TRUMBULL — Local veterans marked Veterans Day and the traditional birthday of the U.S. Marine Corps this week and something else — word that plans for a new center was $128,000 closer to fruition.

The former Veterans Center at 1 Veterans Way on Kaatz Pond was condemned three years ago because of irreparable structural deficiencies.

The state has awarded the town a $128,000 Small Town Economic Assistance Program grant to demolish the existing building and prepare the site for construction of a new Trumbull Veterans and First Responder Center on the same site.

“This project has tremendous support from the Trumbull community,” said former First Selectman Raymond Baldwin, a veteran of the Marine Corps who served in Vietnam. “Our veterans and first responders are grateful for that support and for the project to get underway.”

The current 2,800-square foot building has stood on the site since 1940 and has been town-owned since 1968. In 1981, the town leased the property to the veterans organizations for 99 years at an annual cost of $1.

The building, which Baldwin described as “awful looking, but serviceable” on its best days, has been vacant since 2017 when the town condemned it because of structural damage. Baldwin said the town engineer determined that the building’s floor, which had settled several feet over the years, was unrepairable. The building’s 1940s mechanicals and plumbing were also not up to modern codes.

The new center will provide space for veteran organizations and services for veterans including space for meetings and social gatherings, job skills training, social services and access to health care services. It also is expected to include first responder training with an emphasis on police and dive team training, and a space for community and civic groups to hold events.

The public will also be able to rent the facility for private functions.

State Rep. David Rutigliano, R-123rd District, thanked Baldwin for his work and advocacy, and noted the timing of the announcement, saying the funds “couldn’t come at a better time.”

“This week, we commemorate Veterans Day, and many veterans have talked to me personally about the need for a new building,” he said. “I am glad that we can help with (that) first step.”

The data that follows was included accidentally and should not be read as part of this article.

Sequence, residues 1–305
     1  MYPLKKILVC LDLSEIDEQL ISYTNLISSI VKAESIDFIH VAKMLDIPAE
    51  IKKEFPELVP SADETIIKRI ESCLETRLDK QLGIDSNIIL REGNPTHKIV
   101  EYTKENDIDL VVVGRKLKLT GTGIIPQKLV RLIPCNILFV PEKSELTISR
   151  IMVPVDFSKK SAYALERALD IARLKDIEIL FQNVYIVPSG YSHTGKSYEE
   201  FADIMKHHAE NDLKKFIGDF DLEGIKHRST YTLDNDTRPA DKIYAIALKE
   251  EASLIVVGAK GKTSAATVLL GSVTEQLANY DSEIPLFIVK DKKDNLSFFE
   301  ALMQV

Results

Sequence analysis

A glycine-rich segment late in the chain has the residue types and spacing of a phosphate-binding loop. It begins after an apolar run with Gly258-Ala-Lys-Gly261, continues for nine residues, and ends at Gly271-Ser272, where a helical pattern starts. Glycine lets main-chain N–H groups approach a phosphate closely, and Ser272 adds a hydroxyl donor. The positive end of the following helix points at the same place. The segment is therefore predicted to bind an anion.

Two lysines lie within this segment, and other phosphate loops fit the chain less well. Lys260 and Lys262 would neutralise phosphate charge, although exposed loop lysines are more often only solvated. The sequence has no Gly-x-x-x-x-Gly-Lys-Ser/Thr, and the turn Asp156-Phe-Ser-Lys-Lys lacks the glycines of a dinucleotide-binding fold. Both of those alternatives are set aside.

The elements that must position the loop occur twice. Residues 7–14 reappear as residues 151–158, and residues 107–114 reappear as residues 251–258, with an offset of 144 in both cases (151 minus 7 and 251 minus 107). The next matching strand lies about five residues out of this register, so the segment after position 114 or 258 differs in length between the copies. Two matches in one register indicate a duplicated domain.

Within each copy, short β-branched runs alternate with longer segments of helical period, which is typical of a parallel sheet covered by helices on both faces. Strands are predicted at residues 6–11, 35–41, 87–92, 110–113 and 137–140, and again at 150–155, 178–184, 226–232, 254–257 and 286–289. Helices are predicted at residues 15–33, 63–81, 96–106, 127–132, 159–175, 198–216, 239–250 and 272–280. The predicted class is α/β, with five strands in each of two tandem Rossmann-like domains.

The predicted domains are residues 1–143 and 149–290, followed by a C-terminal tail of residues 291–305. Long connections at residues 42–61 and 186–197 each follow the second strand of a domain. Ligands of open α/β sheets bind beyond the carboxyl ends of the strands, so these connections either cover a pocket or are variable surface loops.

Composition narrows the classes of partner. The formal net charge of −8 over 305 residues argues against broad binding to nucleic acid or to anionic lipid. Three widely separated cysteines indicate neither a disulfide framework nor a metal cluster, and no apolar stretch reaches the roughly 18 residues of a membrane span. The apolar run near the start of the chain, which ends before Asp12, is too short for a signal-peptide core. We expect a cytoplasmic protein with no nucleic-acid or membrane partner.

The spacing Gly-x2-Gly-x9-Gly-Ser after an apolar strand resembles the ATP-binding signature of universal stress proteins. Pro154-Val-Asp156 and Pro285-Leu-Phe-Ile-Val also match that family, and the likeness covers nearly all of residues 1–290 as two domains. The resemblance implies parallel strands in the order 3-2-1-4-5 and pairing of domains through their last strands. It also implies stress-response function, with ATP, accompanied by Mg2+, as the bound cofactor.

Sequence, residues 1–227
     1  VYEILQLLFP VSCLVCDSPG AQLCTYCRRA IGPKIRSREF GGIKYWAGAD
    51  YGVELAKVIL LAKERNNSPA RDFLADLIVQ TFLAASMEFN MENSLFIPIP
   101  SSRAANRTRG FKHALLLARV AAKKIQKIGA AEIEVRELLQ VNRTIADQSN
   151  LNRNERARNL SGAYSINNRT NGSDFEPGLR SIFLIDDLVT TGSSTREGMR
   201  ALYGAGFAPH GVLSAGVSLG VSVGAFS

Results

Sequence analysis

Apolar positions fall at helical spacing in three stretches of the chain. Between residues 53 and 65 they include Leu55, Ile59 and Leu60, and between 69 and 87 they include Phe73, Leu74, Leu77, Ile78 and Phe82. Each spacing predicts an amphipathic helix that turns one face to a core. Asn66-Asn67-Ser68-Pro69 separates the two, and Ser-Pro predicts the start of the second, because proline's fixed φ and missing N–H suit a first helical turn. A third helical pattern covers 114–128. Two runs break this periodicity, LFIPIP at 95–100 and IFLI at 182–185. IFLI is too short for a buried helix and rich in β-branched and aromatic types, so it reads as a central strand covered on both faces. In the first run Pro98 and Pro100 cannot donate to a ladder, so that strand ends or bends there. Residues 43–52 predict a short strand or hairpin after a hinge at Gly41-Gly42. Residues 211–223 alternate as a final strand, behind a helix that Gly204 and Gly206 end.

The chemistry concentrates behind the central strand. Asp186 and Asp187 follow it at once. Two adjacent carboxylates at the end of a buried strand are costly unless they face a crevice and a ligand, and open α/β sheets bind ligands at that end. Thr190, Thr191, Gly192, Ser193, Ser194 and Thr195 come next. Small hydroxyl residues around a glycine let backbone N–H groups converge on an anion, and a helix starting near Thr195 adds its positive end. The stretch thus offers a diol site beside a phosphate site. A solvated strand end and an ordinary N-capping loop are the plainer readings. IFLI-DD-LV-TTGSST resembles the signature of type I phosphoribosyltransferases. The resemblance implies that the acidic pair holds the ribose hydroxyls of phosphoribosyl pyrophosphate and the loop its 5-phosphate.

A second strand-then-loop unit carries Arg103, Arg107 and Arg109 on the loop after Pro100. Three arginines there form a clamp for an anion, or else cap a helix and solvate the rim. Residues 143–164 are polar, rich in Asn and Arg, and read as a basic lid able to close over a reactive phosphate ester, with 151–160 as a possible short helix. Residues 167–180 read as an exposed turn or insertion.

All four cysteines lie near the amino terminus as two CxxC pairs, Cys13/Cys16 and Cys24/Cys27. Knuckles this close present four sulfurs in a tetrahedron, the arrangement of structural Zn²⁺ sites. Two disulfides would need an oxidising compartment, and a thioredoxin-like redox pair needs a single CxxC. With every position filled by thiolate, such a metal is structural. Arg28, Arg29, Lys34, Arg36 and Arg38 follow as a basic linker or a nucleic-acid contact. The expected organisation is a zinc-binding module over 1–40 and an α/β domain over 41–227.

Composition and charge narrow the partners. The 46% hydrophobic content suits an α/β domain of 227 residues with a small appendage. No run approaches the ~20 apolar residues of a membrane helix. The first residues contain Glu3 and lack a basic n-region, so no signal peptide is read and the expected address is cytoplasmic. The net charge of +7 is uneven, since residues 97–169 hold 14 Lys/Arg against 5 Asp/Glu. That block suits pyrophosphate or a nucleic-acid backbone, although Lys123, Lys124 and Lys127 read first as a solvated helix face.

In addition to the $128,000 grant, the town is also contributing $200,000 toward the design costs. The total project is expected to cost between $2.4 million and $2.8 million.

State Rep. Ben McGorty, R-122nd District, a 25-year Shelton firefighter, said the new building would be an asset for Trumbull and the surrounding towns.

“This is a necessary investment for our veterans, our community and public safety that deserves to be a priority,” he said.

The new facility would help address a community need that was sorely lacking, said State Rep. Laura Devlin, R-134th District.

“This project is a much-needed upgrade both for our veterans and the community at large,” she said. “I look forward to its completion and am grateful that the state has recognized the importance of getting this project off the ground.”

Since the Veterans Center closed in 2017, the town’s veterans groups have led a nomadic existence before COVID-19 forced all groups to begin meeting remotely.

In January, Dan Sacco told the council that VFW Post 10059 meetings, which were being held at the library, are frustrating for everyone.

Sacco said the sometimes spirited nature of the veterans’ discussions and the traditional playing of Taps to end meetings seemed out of place in a library.

“We have to bring chairs into the room, and then bring them out when we leave,” he said. “And people are always coming in saying, ‘Keep it down, this is a library.’”

He also lamented not being able to leave a chair permanently empty for POWs and MIAs, “and those who never got to contribute to our society and live their lives.”